The Court is not satisfied that CBE made a good-faith effort to meet and confer prior to filing its Motion to Exclude and Strike. The Court agrees with Plaintiff that "despite having direct knowledge of Mr. Snyder's supplemental declaration for approximately a month, [CBE] made no effort to meet and confer until August 18, 2017—the day it filed its motion to exclude." (Id. 6:6-10). On that day, CBE left voicemails and sent an email to Plaintiff's counsel, to which Plaintiff failed to respond. This does not comply with the local rules. See D. Nev. LR IA 1-3(f); see also Whitlock v. City of Caliente, 2014 WL 4929509, at *1 (D. Nev. Oct. 1, 2014) ("Plaintiff . . . left a voicemail with Defense counsel stating the motion to compel would be filed if responses were not received by the end of the day. This is insufficient."). Further, the Court agrees with Plaintiff that CBE failed to support its Motion with a "properly detailed declaration," and instead attached a "three-line unsworn statement" summarizing the meet and confer efforts. (Pl.'s Resp. to CBE's Mot. to Strike 6:14-19); (see Mot. to Strike at 17); see also D. Nev. LR 26-7(c); Kondrk v. Towbin Dodge LLC, No. 2:15-cv-003300-RFB-NJK, 2015 WL 12976099, at *1 (D. Nev. Nov. 9, 2015) ("[I]t does not appear from the declaration that Defendant's attorney has spoken with [plaintiff's] attorney regarding the instant dispute. Absent such personal consultation, the meet-and-confer is insufficient.").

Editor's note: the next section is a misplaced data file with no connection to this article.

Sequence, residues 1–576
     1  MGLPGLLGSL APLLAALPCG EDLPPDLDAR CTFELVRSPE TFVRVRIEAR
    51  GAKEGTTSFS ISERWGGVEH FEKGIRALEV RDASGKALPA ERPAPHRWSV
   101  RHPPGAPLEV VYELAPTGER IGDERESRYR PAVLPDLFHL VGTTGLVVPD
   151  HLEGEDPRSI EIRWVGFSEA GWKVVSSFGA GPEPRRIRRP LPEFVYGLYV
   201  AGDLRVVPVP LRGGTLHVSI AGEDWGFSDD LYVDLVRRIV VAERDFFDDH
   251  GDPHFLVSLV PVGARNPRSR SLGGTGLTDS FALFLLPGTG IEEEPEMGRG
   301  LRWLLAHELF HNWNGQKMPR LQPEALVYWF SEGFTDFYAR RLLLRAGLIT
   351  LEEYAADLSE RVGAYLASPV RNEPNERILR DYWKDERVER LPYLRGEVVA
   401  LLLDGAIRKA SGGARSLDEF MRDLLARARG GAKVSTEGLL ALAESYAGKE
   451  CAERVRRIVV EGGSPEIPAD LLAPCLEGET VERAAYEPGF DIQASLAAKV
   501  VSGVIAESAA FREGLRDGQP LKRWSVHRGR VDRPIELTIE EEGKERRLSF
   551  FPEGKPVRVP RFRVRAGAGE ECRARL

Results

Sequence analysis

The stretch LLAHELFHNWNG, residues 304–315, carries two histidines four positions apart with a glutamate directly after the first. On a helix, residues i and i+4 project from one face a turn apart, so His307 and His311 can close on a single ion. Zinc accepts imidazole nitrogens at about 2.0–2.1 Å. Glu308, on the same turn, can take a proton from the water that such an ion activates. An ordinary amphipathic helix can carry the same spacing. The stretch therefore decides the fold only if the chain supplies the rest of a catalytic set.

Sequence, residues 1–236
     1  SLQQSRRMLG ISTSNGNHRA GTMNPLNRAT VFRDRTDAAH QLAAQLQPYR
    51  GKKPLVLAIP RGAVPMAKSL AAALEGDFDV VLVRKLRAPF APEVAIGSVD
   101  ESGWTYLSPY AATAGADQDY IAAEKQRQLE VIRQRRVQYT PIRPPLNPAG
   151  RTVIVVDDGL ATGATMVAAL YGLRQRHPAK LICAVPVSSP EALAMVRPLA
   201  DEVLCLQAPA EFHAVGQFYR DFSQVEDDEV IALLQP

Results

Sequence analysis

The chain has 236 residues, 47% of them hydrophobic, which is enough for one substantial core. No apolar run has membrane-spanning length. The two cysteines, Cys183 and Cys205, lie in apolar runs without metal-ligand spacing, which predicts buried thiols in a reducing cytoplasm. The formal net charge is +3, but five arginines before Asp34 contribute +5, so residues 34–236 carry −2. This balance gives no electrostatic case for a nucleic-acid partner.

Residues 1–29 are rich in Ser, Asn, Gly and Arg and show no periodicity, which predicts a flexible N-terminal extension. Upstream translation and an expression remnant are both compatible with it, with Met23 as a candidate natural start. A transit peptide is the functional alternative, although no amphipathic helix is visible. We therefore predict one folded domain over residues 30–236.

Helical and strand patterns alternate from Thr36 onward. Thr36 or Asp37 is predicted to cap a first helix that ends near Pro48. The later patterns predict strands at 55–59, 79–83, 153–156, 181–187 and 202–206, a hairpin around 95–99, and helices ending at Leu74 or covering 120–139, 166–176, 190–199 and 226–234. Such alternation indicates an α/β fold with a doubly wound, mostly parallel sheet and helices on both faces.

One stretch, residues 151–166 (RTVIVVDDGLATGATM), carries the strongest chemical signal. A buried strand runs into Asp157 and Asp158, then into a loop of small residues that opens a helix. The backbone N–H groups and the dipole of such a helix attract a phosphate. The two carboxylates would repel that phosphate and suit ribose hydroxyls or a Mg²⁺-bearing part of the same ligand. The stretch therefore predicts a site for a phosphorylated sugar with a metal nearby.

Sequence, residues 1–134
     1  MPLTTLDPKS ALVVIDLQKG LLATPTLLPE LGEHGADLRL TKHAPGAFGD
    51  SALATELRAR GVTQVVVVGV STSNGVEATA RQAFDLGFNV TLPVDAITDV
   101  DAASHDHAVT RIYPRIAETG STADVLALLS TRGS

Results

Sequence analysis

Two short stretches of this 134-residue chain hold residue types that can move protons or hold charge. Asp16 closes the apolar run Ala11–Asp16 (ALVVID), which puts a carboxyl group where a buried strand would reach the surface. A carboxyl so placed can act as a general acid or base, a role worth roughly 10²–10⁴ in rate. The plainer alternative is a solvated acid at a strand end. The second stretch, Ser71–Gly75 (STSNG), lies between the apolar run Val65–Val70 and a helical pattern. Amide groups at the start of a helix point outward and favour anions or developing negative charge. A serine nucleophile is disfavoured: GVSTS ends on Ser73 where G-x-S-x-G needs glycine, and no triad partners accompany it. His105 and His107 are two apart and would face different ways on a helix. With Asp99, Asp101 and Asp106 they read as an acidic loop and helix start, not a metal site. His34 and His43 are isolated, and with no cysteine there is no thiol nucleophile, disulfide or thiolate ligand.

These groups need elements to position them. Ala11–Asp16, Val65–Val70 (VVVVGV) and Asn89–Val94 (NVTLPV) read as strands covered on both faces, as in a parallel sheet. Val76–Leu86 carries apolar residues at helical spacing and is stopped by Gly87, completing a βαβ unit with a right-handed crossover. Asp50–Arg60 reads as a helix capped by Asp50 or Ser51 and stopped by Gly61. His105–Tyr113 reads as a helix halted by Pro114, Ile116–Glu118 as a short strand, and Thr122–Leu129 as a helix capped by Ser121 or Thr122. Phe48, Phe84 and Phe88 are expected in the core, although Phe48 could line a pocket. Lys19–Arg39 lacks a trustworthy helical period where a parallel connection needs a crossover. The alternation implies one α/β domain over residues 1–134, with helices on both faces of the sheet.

CBE nonetheless urges the Court to use its discretion and consider its Motion despite noncompliance with the local rules. (Reply to Pl.'s Resp. to CBE's Mot. to Strike, 2:23-3:8, ECF No. 53). CBE asserts that a meet-and-confer would have been futile because Plaintiff would be unlikely to agree to strike its own expert witness. (Id. 3:11-12). The Court, however, agrees with Plaintiff that CBE failed to avail itself of alternative remedies such as a stipulation or motion to extend the applicable expert rebuttal deadlines. (Pl.'s Resp. to Mot. to Strike 8:13-9:2). Thus, the Court finds that CBE's attempt to meet-and-confer falls short of the good-faith standard contemplated by this District's local rules. Accordingly, CBE's Motion to Exclude and Strike is denied.